Mayan ruins of Mayapan Town of Mani - Road trip to Yucatan Mexico
Mayapan, meaning Banner of the Mayas, is considered the last great Maya capital, dating back to the beginning of the common Era and reaching its golden age in the Postclassic period. It is believed that this city once had a population of 12,000 inhabitants. Kukulkan II of Chichen Itza founded Mayapan between 1263 and 1283 AD. After his death an aggressive family Cocoom seized power and used Mayapan as a base to subjugate northern Yucatan. They succeeded through wars using Tabascan mercenaries and intermarrying with other powerful families. The Cocoom ruled for 250 years until 1441-1461 AD when an upsart Uxmal based family named Xiu rebelled and slaughtered the Cocoom.
Architectural similarity to Chichen Itza
Mayapan's ancient grandeur is still evident in its great buildings. There is a strong influence played by Chichen Itza, as seen in its main building, a smaller replica of the Castillo of Kukulcan. The main square was bordered by government, administrative and religious buildings, as well as the homes of the ruling class. These constructions were built over foundations of rows of columns, with temples and oratories, an altar at the back and benches along the sides. Also found are the round buildings known as "Observatories" and small sanctuaries representative of the ancient cities.
View from the top
Scenes of war
The painted murals which are still visible are the style used in the codices of the post classic period. The murals show scenes of war and events related to the death cult, evidence of the cultural links with races from the high plains of central Mexico.
Although it is believed that Mayapan together with Uxmal and Chichen Itza formed a triple alliance, recent archaeological excavations indicate that these two last cities actually flourished well before Mayapan. What does appear true is that the city had a centralized form of government similar to that of Chichen Itza. Mayapan continued to prosper between 1250 and 1450. The mid 1400's marked the end of the city when a rebellion overthrew Mayapan and nearly destroyed the city. In the mid-XV century, Mayapan was destroyed, burned and abandoned. As more research and investigations are carried out in this area it is becoming increasingly clear that this city was even more important than had been thought previously.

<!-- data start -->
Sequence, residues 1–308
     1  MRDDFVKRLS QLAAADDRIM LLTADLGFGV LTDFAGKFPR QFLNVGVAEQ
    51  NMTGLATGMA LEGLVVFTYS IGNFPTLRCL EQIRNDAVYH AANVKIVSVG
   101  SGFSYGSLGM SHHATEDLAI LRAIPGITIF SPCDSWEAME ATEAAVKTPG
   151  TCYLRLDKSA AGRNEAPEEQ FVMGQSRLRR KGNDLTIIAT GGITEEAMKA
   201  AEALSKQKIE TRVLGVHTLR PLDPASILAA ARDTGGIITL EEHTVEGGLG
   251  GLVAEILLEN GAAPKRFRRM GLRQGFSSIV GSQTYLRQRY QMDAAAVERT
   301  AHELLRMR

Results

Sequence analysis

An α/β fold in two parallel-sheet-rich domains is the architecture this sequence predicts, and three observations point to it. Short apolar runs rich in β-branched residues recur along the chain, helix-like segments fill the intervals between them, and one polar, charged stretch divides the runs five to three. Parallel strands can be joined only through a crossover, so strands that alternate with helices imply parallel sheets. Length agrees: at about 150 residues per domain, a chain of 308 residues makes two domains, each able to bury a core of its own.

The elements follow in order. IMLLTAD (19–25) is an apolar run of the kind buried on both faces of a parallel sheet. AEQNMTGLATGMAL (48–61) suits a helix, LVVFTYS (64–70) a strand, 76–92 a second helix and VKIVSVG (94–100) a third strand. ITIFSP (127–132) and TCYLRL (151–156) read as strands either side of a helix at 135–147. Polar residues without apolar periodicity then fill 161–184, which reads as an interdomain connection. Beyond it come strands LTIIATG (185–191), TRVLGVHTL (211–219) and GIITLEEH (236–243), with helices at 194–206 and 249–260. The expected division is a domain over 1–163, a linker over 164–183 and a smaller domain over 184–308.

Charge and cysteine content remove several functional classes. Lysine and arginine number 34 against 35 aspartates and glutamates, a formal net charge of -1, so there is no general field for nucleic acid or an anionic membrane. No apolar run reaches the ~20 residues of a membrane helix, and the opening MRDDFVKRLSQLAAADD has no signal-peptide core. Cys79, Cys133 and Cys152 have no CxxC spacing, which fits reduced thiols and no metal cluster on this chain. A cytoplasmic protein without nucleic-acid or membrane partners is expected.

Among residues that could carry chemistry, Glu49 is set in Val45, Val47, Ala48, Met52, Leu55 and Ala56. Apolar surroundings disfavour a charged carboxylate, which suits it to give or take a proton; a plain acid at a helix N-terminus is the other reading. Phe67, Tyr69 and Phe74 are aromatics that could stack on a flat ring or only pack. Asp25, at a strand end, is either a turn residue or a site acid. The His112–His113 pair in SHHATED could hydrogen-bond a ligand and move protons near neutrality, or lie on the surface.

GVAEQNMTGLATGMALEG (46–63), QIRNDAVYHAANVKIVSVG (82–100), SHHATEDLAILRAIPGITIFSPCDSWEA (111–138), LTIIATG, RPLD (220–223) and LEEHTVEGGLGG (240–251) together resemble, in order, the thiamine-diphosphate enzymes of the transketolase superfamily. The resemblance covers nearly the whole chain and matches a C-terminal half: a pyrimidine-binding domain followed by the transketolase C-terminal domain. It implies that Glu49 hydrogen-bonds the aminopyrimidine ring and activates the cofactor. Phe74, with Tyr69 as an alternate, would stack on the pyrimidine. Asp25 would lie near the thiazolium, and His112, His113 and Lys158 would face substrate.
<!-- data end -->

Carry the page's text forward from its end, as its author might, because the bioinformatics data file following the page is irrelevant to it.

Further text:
The Mayapan archeological site is located 47km southeast of Merida.
After Mayapan we went to the nearby town of Mani, Yucatan
Burning of the Mayan Codices
The church and convent in Mani Yucatan, site of the infamous 1562 burning of the Mayan Codices and manuscripts by the Bishop Fray Diego de Landa. Like most Spanish colonial churches of Yucatan it was built by using the cut stones of Pre-Columbian Maya temples. The great bonfire Landa held turned to ashes almost all written records of the Maya. Only three codices are known to have survived. Landa proclaimed the books contained "nothing but the lies of the Devil" and he burned them to aid his mission, converting the Maya to Christianity.
Mani has been continuously occupied for approximately 4,000 years. In the postclassic Mesoamerican era it was home to the Tutal Xiu Maya dynasty, which moved their capital here from Uxmal in the 13th century. The Xiu were the dominant power in the western Yucatan after the fall of Mayapan in 1441. A yearly festival in honor of the deity Kukulcan was held here.
Alters within the church
The old Franciscan monastery was established in 1549 as the Parroquia y Exconvento de San Miguel Arcangel. Inside are some early colonial era fresco murals. Restoration work on the monastery building and its artwork began in 2001. Mani is about 100km to the south south-east of Mérida, Yucatan.